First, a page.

Check the Deck Teacher Guide
Grades 3-4. Eight units look more in depth at descriptive writing, imaginative problem solving, reporting, persuading, narrating, explaining, literature based writing, and researching. Each unit ends with a major writing assignment, and has four components that lead students up to that point: oral language into writing, simple sentence combining, composition rules, and writing with style. The book walks students through the writing assignments using the four-stage writing process of prewriting, writing the first draft, rewriting, publishing.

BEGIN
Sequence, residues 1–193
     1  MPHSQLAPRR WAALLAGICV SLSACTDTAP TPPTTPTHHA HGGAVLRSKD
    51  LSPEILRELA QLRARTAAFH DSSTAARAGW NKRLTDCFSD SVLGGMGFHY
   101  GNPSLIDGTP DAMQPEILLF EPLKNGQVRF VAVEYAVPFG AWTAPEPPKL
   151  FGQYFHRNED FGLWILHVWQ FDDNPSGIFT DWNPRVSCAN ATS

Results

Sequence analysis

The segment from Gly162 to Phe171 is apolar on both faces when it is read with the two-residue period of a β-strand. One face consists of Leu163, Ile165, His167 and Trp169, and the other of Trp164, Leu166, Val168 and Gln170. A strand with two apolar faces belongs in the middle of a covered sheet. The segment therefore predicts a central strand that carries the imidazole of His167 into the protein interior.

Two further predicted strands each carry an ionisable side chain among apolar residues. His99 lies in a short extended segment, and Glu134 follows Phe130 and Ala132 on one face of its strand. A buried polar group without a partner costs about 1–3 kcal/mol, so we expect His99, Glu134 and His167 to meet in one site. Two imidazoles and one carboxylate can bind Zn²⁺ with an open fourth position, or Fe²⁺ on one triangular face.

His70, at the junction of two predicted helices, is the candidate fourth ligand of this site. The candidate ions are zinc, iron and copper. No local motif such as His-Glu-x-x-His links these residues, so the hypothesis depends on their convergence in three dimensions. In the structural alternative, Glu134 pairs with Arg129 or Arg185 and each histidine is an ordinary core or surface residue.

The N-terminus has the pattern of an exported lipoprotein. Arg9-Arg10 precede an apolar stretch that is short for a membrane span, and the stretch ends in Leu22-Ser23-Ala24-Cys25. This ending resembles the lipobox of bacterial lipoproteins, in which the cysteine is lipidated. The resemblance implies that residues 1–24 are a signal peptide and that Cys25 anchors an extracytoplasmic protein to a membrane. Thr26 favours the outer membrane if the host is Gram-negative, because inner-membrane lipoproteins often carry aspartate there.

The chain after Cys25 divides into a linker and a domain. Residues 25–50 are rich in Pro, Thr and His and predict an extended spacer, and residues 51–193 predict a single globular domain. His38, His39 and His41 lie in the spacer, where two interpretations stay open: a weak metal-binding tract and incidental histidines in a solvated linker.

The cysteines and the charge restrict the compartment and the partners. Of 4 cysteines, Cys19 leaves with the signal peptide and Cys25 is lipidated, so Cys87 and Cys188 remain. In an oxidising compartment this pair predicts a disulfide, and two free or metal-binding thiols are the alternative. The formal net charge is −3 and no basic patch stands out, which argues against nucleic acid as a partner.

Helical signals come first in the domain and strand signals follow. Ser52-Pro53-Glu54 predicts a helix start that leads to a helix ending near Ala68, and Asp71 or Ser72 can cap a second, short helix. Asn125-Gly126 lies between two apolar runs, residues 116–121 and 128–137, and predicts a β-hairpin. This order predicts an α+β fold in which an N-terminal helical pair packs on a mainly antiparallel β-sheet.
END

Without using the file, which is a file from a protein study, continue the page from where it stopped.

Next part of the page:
If you spend any time playing cards, you may already be familiar with the meaning of the term "stack the deck." To "stack the deck" is to arrange the deck of cards in your favor prior to the beginning of play - making it much easier to win the game. Translate that into a series of composition textbooks, and you can see the advantage of having someone "stack the deck" of English writing and composition skills in the student's favor. Accomplished through an engaging and encouraging text, which is also structured and well-organized as it flows from the easy to the complex, this series has been called "unpretentious," "organized," "systematic," and "fun" by teachers who have used it. Each level has both a teacher and a student book. Student books are written to the student, who can either work through them independently or with other children or the teacher. The text is conversational and interspersed with plenty of exercises, activities, and assignments. The books have space enough to be considered consumable, or students could use a separate notebook to record answers/writings if more than one student will use the program. Teacher guides give background information on the teaching process and skills focused on in the corresponding student book, as well as practical, research-based strategies for teaching the student text. Some of the labor and time saving tools utilized in the course include: scoring rubrics (which will help students know what is expected of them), think sheets (to help in the brainstorming phase), SOS sheets (a communication device that helps teachers point out weaknesses and offer helpful suggestions), and checklist sheets (so students can make sure they have fulfilled what was expected). This series is truly worth considering as you investigate the writing programs available to the homeschool market. The following gives more detail of specific coverage. ~ Zach